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TSH levels blood test only

After visiting GP and mentioning I felt rubbish, and did I need more thyroxine he said I should have a blood test so that he could see what was happening, I did fall out with him over mentioning, if the blood test comes back normal what then.....he only did test for TSH level and it came back 0.67. Which means nothing to me, I do know what range TSH levels are but isolated like that I've no idea. I have no faith in my GP any more, so taking 50mcg Levothyroxin as prescribed and 2 B12, this helps with aches & pains and energy levels. I must admit reading some of the blogs on here frightens the life out of me, I dont have the kind of problems thankfully that others do, but know this is not normal. Sometimes I dont have the energy to fight, at least not with my GP......

5 Replies

50mcg is a starting dose. This is an excerpt from Dr Lowe re low-dose treatment. Cursor to question dated November 20, 2002

Dr. Lowe: Keep in mind that T4 alone is the least effective thyroid hormone preparation, and 50 mcg is an extremely small amount. I seriously doubt that 50 mcg is benefiting you in any way. It may, however, be harming you.

T4 is highly effective at one thing: suppressing TSH secretion by the pituitary gland. T4 can suppress pituitary TSH secretion while leaving the metabolism of other tissues so slow that the patient continues to suffer from hypothyroid symptoms. Consequently, the doctor concludes (from the lowered TSH) that the patient is well; in the mean time, the patient suffers from continuing hypothyroid symptoms. Even worse, if the T4 dose is too low, the patient’s symptoms may actually worsen.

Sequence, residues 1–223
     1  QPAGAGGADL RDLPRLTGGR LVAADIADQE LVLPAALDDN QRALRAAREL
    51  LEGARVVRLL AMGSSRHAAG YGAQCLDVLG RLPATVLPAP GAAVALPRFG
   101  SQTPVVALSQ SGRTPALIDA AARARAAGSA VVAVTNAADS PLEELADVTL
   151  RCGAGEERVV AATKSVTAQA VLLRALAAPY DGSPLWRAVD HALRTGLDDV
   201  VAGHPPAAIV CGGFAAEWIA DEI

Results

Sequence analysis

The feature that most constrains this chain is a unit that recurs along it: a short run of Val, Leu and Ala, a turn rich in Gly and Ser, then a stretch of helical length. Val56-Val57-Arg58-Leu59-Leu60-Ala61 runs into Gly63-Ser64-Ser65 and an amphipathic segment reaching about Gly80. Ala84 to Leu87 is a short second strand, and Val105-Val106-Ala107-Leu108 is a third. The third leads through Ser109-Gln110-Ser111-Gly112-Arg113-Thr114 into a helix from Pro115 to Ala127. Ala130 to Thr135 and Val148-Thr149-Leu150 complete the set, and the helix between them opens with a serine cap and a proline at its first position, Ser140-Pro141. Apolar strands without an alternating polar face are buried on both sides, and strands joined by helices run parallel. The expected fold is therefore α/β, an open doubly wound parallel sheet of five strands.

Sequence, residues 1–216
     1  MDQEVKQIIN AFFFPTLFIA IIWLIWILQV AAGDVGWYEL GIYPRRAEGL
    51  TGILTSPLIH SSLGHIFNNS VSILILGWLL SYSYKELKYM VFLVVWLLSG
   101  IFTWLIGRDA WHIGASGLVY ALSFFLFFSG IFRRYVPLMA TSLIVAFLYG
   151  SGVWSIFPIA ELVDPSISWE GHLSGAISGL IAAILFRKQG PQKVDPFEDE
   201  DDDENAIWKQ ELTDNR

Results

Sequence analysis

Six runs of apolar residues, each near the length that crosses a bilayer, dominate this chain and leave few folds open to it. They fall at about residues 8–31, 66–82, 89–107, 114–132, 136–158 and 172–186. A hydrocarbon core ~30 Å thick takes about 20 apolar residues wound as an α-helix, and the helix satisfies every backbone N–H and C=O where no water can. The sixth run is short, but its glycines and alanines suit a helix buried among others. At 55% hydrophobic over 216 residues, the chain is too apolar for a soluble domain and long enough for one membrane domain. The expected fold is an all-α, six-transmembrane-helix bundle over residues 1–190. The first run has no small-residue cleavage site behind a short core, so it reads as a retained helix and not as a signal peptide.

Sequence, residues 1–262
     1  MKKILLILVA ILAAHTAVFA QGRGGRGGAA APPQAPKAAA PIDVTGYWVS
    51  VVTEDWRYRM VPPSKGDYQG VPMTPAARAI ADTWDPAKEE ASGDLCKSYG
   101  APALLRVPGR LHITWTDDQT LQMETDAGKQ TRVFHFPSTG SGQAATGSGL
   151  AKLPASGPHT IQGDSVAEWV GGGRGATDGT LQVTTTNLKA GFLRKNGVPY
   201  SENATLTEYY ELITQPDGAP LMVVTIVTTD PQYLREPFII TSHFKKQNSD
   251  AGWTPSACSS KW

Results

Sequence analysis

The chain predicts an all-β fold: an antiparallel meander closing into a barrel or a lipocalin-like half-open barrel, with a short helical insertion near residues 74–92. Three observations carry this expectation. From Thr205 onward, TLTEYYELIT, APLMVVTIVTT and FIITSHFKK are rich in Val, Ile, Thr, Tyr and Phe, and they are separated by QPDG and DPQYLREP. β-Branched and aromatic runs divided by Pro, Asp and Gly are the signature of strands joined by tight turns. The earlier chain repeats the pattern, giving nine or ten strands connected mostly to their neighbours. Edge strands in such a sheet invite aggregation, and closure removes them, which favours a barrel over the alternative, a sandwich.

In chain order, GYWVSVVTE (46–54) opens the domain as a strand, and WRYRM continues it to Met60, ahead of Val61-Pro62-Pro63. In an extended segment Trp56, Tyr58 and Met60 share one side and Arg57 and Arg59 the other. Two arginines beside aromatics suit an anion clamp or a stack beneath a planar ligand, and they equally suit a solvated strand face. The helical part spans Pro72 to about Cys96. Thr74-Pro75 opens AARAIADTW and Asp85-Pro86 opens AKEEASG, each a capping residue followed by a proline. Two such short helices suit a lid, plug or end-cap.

This is an excerpt from Dr Toft, ex of the BTA.

6 What is the correct dose of thyroxine and is there any rationale for adding in tri-iodothyronine?

The appropriate dose of levothyroxine is that which restores euthyroidism and serum TSH to the lower part of the reference range – 0.2-0.5mU/l.

In this case, free thyroxine is likely to be in the upper part of its reference range or even slightly elevated – 18-22pmol/l. Most patients will feel well in that circumstance.

But some need a higher dose of levothyroxine to suppress serum TSH and then the serum-free T4 concentration will be elevated at around 24-28pmol/l

If you need a copy of this article in Pulse online, email louise.warvill@thyroiduk.org and send a copy to your GP to read before your next appointment.


Hi Are you able/willing to pay for private tests? Then show the gP that they are wrong? I pay for TSH, T4 and Free T3 tests, which is what you need as a starting point. I use Blue Horizon, either through TUK,www.thyroiduk.org.uk/tuk/te or their main site ( more tests there). I pay £61, for that price you need to quote TUK10 for the discount,it is very easy and not doctor involved, Except their Harley St. doc does look at results and anything very wrong they will advise you.Results to you via E mail with essentail ranges for their Lab. it is the same Lab which all the Private Hospitals use, so very well known, called TDL.

These tests were always done by GP`s, now it is often down to cost!If you feel ill you need the treatment.

Best wishes,



Do you have to supply blood via a skin prick test? If you need more blood than that how do you get it taken?


Hi You can do the finger prick test. It is very accurate. I cannot as I have sticky blood, I do INR and many BM`s daily, which are testing with a finger prick, takes lots of pricks! Always helps if well hydrated and and warm the hands. if no blood problems it is the easiest., about half a teaspoon.If For Venous blood you can have the blood taken any where, They send you the kit and just take it. I am told NHS or Gp`s will do it, not here a militent lot! Otherwise any private hospital but they,may charge up to £15. I go to the BMI Priory as plenty of phlebotomist ( for my difficult veins!), if you know a nurse etc who is capable then that is fine. Really any one who can take blood.

it really is worth it if your NHS not helpful!

Best wishes,



Thanks for that info Jackie


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